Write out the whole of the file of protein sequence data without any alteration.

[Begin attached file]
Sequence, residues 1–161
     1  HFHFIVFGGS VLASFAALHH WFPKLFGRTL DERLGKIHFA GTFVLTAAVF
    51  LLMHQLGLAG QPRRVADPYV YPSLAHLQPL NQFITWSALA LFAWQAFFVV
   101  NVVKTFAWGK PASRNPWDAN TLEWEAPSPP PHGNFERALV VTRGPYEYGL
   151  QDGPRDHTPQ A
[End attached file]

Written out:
Sequence, residues 1–161
     1  HFHFIVFGGS VLASFAALHH WFPKLFGRTL DERLGKIHFA GTFVLTAAVF
    51  LLMHQLGLAG QPRRVADPYV YPSLAHLQPL NQFITWSALA LFAWQAFFVV
   101  NVVKTFAWGK PASRNPWDAN TLEWEAPSPP PHGNFERALV VTRGPYEYGL
   151  QDGPRDHTPQ A